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Clash of the Titans

Score: 50%
ESRB: Teen
Publisher: BANDAI NAMCO Games America, Inc.
Developer: Game Republic
Media: DVD/1
Players: 1 - 2 (Local Only)
Genre: Action/ Adventure

Graphics & Sound:

It's never a good sign when a licensed game arrives hot on the heels of a home release. Clash of the Titans does nothing to dispel that stigma. It's a real shame; I'm a huge fan of the 1981 Ray Harryhausen epic, and though I have no desire to see the remake, I don't have any problems with its existence. However, the fans of both films deserve better than this game.

I only found myself enamored with a few parts of this game's visual presentation. Some of the cutscenes play out in pseudo-storybook style. This has been done several times before, but it's a welcome sign of effort that unfortunately doesn't show through the rest of the production. Additionally, each time the player takes on and completes a quest, a really pretty fire effect accompanies the bit of text that appears. As far as the presentation goes, there are a few nods to the source material. For example, Bubo the mechanical owl saves your game for you. Unfortunately, the in-game visuals are dull as dishwater and technically problematic. The camera is often an issue and other characters tend to pop out of existence during Sub Weapon Seizes. Unnatural animations and other bizarre quirks constantly remind the player that they are playing a game, rather than living an experience. Greek mythology is supposed to inspire our imagination with its opulence and excess. I don't know whether Clash of the Titans is playing it too safe or just plain lazy.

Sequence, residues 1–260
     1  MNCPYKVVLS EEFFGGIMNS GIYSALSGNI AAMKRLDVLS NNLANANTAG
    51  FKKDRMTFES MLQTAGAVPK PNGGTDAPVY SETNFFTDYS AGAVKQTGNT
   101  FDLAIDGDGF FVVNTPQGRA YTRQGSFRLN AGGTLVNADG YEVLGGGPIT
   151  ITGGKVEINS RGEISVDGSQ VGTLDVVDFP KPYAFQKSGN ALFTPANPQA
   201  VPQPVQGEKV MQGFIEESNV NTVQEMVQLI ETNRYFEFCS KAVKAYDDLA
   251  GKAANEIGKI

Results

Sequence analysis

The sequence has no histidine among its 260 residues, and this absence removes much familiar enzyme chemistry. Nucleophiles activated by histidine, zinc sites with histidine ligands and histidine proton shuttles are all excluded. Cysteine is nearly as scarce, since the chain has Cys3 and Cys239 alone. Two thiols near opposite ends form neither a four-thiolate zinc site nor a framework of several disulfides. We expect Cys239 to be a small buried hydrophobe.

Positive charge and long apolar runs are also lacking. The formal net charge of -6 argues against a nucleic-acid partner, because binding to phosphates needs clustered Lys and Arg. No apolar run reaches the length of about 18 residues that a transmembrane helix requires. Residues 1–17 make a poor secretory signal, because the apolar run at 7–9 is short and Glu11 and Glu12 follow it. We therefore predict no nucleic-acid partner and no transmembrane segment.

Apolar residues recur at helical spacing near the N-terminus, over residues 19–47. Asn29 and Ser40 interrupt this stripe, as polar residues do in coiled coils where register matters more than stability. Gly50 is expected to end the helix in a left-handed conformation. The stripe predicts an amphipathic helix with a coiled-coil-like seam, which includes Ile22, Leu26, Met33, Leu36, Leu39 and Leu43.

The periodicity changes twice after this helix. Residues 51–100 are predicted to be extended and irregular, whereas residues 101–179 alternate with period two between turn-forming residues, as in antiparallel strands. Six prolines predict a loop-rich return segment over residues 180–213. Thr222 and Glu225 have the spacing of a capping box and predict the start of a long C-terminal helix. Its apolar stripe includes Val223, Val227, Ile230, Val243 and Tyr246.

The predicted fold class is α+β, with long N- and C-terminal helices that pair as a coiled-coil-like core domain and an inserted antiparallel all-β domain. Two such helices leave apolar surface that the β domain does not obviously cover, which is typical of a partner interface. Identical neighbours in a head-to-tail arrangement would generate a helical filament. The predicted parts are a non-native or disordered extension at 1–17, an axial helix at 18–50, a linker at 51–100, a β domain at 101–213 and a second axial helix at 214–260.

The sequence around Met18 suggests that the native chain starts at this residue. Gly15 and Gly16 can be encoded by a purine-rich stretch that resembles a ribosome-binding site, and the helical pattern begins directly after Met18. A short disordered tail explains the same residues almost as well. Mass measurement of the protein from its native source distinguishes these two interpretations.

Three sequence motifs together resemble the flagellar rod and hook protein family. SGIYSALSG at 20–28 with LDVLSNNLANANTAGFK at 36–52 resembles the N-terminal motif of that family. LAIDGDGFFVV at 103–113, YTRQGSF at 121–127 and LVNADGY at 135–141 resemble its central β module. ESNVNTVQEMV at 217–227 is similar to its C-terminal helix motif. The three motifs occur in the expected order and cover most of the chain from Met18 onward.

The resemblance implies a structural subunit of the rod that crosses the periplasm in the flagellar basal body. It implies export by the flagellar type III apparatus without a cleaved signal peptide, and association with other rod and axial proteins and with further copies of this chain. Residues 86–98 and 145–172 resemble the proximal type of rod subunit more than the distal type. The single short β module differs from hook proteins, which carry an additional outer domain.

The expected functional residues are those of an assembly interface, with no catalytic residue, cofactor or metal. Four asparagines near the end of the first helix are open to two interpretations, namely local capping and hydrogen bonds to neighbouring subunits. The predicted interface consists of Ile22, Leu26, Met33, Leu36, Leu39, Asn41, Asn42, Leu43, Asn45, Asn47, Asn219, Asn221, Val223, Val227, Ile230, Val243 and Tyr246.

Liam Neeson, Sam Worthington, and Ralph Fiennes clearly know when to stay away from a project. The voice acting in Clash of the Titans isn't the worst I've heard, but it's mixed and arranged poorly, causing even the most straightforward conversation to follow canned, robotic rhythm. The music isn't bad. Several parts of it loop, but I never found myself wishing for something that much better.


As mentioned before, Clash of the Titans follows the Louis Leterrier retelling of the 1981 classic. It's a simple story of rebellion, vengeance, and love -- all set against the backdrop of Greek mythology. The capricious reign of the Gods of Olympus predictably causes them to lose favor with their human subjects. When people begin to reject and rebel against the Gods, they react like spoiled children and sweep down with a vengeance. The collateral damage includes the family of a young man named Perseus. He finds himself swept away to the island of Argos, where Queen Cassiopeia commits an act of blasphemy that sets her kingdom on the path to total destruction. Hades gives them a choice: sacrifice the lovely Princess Andromeda, or have the Kraken unleashed on the entire island. Perseus finds out that (gasp!) he's the son of Zeus, and therefore, a demigod. Naturally, he's the only person who can make all of this right, so off he goes on his adventure.